Legislative Momentum Building To Protect Washingtonians From Eminent Domain Abuse

John Kramer
John Kramer · May 20, 2008

Seattle—Eminent domain reform has emerged as a top priority for the legislative session starting next week in Olympia. This emphasis coincides with a new report outlining the very real threat of eminent domain abuse statewide and a bipartisan reform proposal endorsed by both the Governor and the Attorney General.

The new Policy Brief published by Washington Policy Center (WPC), “A False Sense of Security: The Potential for Eminent Domain Abuse in Washington State,” documents shortcomings in Washington law that allow the State and local governments to abuse their eminent domain power.

The author of the report, William R. Maurer, executive director of the Institute for Justice Washington Chapter and WPC adjunct scholar, held a press conference on Wednesday, January 3 at the Legislative Building in Olympia, along with WPC President Dann Mead Smith, and Washington property owners, to discuss the report’s findings and suggestions for reform. Washington Attorney General Rob McKenna and House Majority Leader Lynn Kessler will also be available to discuss proposals for the coming session.

Among the reform suggestions is a bill backed by both Governor Christine Gregoire and Attorney General McKenna that would open up the essentially secret meetings where local governments decide to use eminent domain. Right now, property owners can only find out about such meetings by seeking out postings on obscure government websites. The reform bill would provide citizens whose property is threatened with direct personal notice of the meetings where the fate of their property could be decided.

Attorney General McKenna said, “People shouldn’t be expected to click through a series of Web pages every week to protect their property from being considered for condemnation. Condemnations are critical decisions that can affect people’s homes and businesses, and this legislation ensures that property owners receive timely notice that such an important decision is being considered. If even one contentious condemnation is avoided, this bill will pay for itself many times over.”

“No one should lose their property without even being notified,” said Rep. Lynn Kessler (D-Hoquiam), a sponsor of the bill. “A basic tenet of our democracy is due process.”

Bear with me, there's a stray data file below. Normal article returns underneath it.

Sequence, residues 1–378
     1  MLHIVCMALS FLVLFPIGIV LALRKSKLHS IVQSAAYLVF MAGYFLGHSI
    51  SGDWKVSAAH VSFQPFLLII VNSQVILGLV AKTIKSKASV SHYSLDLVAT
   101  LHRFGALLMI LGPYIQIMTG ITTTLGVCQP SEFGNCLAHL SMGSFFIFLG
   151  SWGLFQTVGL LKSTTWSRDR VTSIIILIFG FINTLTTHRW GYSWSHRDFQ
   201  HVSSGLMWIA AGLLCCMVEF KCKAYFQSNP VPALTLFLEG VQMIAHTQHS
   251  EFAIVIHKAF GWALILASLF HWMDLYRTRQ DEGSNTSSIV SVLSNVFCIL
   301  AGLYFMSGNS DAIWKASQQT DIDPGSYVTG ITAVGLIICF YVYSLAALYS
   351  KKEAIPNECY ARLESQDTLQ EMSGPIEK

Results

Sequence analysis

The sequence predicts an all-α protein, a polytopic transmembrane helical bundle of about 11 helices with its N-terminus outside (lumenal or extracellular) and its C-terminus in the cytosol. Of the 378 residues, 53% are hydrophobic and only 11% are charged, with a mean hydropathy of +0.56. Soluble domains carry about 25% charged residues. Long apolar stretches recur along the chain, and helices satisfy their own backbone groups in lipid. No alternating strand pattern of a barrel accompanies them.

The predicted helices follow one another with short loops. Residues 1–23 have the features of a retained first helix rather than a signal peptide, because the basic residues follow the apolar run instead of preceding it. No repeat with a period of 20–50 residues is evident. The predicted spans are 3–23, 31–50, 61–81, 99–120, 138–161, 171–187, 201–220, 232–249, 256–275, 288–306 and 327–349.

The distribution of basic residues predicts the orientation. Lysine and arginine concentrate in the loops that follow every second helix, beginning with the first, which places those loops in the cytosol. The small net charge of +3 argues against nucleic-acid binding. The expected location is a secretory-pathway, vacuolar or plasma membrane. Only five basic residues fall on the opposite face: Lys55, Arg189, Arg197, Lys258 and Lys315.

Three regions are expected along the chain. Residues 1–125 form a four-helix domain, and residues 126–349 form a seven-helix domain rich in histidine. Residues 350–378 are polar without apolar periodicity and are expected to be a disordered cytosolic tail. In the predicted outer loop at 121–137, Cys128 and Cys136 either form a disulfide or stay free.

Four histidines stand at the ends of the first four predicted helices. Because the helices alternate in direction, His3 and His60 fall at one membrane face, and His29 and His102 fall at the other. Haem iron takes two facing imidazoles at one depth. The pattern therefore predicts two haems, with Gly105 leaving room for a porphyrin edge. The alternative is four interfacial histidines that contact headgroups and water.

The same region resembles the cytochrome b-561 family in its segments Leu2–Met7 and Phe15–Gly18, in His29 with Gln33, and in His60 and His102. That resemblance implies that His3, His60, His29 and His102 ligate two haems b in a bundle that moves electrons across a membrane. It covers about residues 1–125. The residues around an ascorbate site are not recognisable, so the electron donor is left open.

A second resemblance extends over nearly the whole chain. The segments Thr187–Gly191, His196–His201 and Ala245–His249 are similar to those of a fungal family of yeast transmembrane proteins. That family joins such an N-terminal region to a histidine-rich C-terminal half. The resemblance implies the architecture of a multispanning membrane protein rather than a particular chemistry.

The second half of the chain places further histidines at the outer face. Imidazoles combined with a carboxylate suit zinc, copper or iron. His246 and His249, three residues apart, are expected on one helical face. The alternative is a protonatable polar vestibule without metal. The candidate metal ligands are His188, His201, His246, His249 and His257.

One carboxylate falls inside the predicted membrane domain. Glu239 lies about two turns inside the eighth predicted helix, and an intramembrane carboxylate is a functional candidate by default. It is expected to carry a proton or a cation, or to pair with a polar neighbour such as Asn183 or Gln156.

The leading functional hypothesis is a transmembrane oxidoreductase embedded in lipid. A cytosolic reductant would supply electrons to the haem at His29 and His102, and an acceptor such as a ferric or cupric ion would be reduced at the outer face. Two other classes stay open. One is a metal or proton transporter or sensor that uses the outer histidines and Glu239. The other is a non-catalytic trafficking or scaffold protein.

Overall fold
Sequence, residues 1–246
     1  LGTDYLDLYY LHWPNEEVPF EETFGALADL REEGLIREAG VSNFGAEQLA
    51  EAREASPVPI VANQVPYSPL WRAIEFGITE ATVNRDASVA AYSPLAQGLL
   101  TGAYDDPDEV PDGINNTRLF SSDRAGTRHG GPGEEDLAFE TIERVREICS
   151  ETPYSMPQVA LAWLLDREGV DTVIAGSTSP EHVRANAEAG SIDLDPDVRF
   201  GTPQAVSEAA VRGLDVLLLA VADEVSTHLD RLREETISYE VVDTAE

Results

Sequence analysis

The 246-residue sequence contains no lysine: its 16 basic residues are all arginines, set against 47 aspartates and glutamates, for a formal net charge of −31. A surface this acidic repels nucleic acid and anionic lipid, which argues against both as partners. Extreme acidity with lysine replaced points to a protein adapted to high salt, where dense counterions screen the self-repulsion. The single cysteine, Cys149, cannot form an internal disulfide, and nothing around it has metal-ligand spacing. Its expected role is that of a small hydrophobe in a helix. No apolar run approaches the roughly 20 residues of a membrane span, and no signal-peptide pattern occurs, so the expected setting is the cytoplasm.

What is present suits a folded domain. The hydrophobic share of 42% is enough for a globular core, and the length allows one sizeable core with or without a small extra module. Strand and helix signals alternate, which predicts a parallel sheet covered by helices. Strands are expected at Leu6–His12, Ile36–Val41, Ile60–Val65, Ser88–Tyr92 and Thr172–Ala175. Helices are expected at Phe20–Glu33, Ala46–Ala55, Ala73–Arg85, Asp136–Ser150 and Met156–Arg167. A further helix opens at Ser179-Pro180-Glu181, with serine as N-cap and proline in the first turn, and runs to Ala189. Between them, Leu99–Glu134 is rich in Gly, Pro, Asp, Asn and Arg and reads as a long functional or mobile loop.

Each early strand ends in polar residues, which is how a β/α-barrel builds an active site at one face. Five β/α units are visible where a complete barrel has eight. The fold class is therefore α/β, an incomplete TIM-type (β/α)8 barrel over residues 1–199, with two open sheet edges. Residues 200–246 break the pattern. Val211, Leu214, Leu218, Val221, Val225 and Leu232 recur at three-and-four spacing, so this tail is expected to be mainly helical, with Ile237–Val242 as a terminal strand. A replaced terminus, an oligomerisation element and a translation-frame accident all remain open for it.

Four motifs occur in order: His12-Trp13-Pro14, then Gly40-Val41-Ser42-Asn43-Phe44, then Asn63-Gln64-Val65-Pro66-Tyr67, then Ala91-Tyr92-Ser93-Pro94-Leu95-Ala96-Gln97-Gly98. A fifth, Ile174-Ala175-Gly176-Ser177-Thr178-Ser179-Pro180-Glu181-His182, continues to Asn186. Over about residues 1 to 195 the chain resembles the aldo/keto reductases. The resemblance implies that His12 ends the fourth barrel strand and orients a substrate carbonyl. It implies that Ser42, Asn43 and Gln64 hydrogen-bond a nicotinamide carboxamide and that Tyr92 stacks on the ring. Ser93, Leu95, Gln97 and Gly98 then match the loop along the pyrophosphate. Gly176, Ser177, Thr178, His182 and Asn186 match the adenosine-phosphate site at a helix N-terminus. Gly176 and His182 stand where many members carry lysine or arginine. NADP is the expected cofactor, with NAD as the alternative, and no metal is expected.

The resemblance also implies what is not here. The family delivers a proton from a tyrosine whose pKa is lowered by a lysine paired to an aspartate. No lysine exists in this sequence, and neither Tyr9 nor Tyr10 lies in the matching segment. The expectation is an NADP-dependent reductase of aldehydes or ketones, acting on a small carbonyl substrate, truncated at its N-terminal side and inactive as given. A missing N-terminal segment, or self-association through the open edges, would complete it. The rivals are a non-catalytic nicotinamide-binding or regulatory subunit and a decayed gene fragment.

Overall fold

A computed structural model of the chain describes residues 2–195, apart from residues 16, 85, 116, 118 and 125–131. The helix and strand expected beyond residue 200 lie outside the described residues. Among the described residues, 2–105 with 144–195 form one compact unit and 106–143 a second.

Maurer noted that the bipartisan effort of the Governor, House Majority Leader and the Attorney General reflects the broad support nationwide for protecting homes and small businesses. In the last election, voters overwhelmingly approved a number of ballot measures to stop eminent domain abuse.

In Pierce County, voters approved by a 70-30 margin a county charter amendment that restricted condemnations for economic development.

“The leadership of the Governor, the Attorney General and the House Majority Leader shows that elected officials understand the strong concerns that people have over this issue,” WPC President Dann Mead Smith said. “After Kelo, people were appalled to discover that the government can condemn someone’s home or small business in order to give it to a private developer.”

Maurer added, “This reform proposal is an important step. It would open up government condemnation proceedings to the light of day and give property owners a real chance to be heard.”

The Policy Brief describes a number of areas where Washington law permits the government to abuse eminent domain. Although the Washington Constitution is more protective of private property than the federal Constitution, those protections are being whittled away by statutes and court rulings.

“What Washingtonians have now is a false sense of security, not real protections from eminent domain abuse,” Maurer said.

The Brief notes two other areas where reform is needed. The first involves Washington’s Community Renewal Law, a statute that permits the government to condemn “blighted” property and transfer it to private developers. Unfortunately, the law is written so broadly that practically every neighborhood in Washington State could be considered blighted. Washington’s neighborhoods face the same threat as the residents in New London, Conn.; the sole difference is that a Kelo-style taking in Washington must be accomplished through the Community Renewal Law. The City of Auburn just declared much of its downtown “blighted” and the City of Seattle is considering doing the same to the Rainier Valley.

Also, Washington law permits the government to condemn more land than necessary and sell anything not used for a public use to developers. This happened when the Seattle Monorail condemned the Fujii family’s property in Pioneer Square permanently despite needing it only temporarily. The Monorail sought to become a real estate speculator with the property once it was done with it.

Maurer noted that reform of these aspects of Washington law is necessary for Washingtonians to be more secure that their property won’t be unconstitutionally taken from them.

The report is available at www.washingtonpolicy.org and www.ij.org.